Kelly Murphy: The Historical Society of Pennsylvania

Hi guys! I really enjoyed reading about everyone’s summer experiences and am happy to share mine. I spent two months at the Historical Society of Pennsylvania (HSP), located at 13th and Locust in Philadelphia, which seems to be a bermuda triangle of activity in the city. Not only did I walk through a crime scene one afternoon on my lunch break, but a few weeks later I literally walked INTO Philadelphia Phillies 2nd baseman, Chase Utley, where I attempted to mumble good morning, but only said “gooo…mmmor.” I also ran into this guy in the hallway by my desk. 
Ran into our Nations first President.

Back to HSP; It was a great experience into the world of collections, archiving, and libraries that I had yet to learn. A brief background on the Society- it was founded in 1824 and holds over 21 million graphic and manuscript items from over 350 years of American history, including the first photograph ever taken in the United States, (which occurred in Philadelphia) numerous copies of constitutional drafts with handwritten notes made by delegates in the margin, and a lock of George Washington’s hair with documented provenance- all part of HSP’s Treasures collection. “With the addition of the holdings of The Balch Institute for Ethnic Studies in 2002 (and those of The Genealogical Society of Pennsylvania in 2006 through a Strategic Alliance Agreement), the Society has become a chief center for the documentation and study of the ethnic communities and immigrant experiences shared by people whose American history began more recently-between the late 19th century and our own times.

In 2009 HSP formally transferred ownership of its museum collection to the Atwater Kent Museum of Philadelphia.” The current building which is in the process of undergoing a renovation (I was able to sit in on related meetings and was able to learn what a real process this is within the museum/historical realm due to the collections, donor relations, and building codes) was the mansion of a former Mexican civil war general, which I learned about during my ghost tour of the site (there are supposedly over 20 ghosts at HSP, I saw 0).

My internship was split between the Public Relations and Development/Programming Departments. Below is a list of the main projects I worked on this summer, with various mailing projects and day to day tasks in between.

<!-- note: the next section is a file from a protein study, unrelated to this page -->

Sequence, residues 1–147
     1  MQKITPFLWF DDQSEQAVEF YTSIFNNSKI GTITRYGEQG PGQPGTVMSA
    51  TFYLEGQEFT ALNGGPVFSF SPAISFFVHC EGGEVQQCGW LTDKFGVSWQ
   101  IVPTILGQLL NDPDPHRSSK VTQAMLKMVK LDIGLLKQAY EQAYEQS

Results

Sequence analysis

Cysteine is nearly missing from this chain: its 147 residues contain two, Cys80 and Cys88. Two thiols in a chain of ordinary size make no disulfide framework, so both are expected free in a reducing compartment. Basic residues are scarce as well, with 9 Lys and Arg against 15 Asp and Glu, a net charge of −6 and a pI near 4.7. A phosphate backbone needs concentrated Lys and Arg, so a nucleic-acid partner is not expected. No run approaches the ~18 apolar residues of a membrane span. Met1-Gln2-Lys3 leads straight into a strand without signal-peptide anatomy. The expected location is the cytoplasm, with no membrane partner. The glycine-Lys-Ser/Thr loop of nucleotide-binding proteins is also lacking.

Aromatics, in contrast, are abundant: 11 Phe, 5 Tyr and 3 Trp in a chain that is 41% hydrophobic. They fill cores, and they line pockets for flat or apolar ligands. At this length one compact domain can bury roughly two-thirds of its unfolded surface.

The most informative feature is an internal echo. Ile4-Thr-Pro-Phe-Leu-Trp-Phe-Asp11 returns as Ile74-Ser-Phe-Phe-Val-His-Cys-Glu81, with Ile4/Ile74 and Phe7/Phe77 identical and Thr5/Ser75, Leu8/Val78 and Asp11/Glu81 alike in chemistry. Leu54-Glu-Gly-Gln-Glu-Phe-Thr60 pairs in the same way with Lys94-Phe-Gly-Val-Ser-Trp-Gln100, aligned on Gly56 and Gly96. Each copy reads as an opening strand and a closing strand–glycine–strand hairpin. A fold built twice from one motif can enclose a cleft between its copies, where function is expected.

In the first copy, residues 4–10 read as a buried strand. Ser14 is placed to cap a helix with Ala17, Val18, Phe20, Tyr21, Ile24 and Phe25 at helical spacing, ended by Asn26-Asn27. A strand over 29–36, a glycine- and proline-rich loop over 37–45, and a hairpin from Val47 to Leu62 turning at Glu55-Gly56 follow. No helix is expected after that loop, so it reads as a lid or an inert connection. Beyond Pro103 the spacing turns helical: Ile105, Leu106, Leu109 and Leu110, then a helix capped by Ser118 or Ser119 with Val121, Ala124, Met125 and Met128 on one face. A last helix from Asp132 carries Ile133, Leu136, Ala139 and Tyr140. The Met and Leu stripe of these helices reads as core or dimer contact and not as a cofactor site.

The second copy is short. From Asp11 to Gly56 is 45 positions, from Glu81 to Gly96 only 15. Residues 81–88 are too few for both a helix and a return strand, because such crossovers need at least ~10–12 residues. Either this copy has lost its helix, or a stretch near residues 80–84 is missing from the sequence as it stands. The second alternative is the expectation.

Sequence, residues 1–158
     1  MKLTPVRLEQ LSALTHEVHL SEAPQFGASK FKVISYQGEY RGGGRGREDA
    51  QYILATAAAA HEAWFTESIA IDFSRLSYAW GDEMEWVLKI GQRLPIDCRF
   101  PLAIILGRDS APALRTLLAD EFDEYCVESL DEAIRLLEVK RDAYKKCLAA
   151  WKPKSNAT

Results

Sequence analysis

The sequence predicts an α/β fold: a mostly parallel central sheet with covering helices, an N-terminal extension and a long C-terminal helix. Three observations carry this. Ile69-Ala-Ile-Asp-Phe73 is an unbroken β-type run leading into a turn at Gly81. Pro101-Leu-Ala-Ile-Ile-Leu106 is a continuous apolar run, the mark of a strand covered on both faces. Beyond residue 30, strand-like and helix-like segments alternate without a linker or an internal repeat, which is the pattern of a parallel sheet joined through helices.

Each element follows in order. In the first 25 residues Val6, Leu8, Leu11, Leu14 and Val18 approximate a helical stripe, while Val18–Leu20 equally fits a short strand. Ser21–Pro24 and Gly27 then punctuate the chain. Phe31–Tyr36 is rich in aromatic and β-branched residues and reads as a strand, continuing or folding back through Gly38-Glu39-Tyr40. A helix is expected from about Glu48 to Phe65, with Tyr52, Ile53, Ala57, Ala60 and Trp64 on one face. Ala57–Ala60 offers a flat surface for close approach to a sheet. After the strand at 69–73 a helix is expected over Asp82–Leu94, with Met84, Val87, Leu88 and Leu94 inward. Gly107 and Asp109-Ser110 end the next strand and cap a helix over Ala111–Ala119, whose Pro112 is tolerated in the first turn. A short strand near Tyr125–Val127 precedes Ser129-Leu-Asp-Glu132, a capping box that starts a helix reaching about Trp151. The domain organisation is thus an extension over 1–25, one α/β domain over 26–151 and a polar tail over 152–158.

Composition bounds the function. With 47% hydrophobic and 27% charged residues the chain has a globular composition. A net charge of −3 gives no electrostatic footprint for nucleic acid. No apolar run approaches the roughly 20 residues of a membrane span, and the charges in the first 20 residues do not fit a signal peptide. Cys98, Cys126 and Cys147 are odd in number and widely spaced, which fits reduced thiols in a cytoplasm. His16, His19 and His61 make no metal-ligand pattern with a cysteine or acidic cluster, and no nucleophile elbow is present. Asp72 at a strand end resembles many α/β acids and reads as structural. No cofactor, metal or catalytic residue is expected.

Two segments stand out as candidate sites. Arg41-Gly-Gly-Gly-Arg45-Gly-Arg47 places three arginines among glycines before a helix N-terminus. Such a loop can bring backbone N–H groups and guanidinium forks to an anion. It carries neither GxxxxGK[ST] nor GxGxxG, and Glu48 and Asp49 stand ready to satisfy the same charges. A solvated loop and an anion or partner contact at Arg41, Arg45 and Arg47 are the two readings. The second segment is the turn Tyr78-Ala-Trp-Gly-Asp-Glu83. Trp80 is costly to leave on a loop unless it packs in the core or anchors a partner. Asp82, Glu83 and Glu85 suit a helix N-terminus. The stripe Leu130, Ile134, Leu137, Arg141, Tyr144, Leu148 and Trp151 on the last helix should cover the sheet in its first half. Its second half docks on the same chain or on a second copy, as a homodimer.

I enjoyed my time at HSP for numerous reasons, the first being my self-management schedule. I checked in with my supervisor routinely, however there was little guidance regarding many projects. I enjoyed the independence and professionalism. I also enjoyed learning more of the Development side of HSP. In the past 4 years following my Bachelors degree I have worked and interned in a strong variety of PR and Marketing roles, each uniquely important, however this was the first internship where I really developed new skills and was put into an arena I was not overly comfortably with, at first- that arena being Raiser’s Edge. Having briefly touched on Raiser’s Edge in a prior internship, I knew how to open, search and then close the program, however at HSP, I learned new terms and methods to operate within the database, completing a 5 month visitor backlog input along with a Query project. With regard to the PR aspect, I enjoyed working on a project where I developed the research and basis of a marketing plan to target HSP genealogist segment. I am very proud of the ideas I developed within the plan. Fortunately through these projects as well as meetings I was also able to focus on my thesis and share ideas with HSP staff.
Although I worked on numerous lengthy projects, everyday at HSP seemed different. Having such a vast collection there was always a discovery being made, an archive being salvaged, or an event being held. I truly felt that during my time at HSP I learned something new everyday- from a fact about colonial Philadelphia to how to scan a document to my desktop from the main copier. One of the most interesting days of the summer was when I was able to take the Treasure’s tour. As aforementioned HSP houses over 21 million documents, the Treasure’s tour allows Institutional guests to view the 12 most revered documents in the Society’s collection and I was able to literally stand centimeters away from the documents. After an elevator ride, three security codes, and numerous hallways and doors, myself and three other interns were led by HSP’s Library Director to a vault which when opened contained so much history, my inner nerd got the chills! Being able to come so close to the original signatures of the Constitutional Delegates, Abraham Lincoln, Harriet Tubman, and Francis Scott Key, along with original portraits of William and Hannah Penn, the first map of Philadelphia and a lock of George Washington’s hair was an unforgettable experience. So much of our nations history originated on the streets we walk down everyday and seeing these documents in first person, not behind the class of an exhibit was something I’ll never forget. 
One of three existing copies of the Star Spangled Banner, signed by Francis Scott Key. 

Along with my time at HSP, I stayed busy with First Person Arts, where I am now a Friends Committee member helping to plan this years First Taste Fall Fundraiser, taking place October 24!
Below are a few more photos from my time at HSP…
I ate a lot of Jimmy Johns on my lunch break!
My little desk space with a mailing project.

Photo I shot at a Cartography lecture & Event.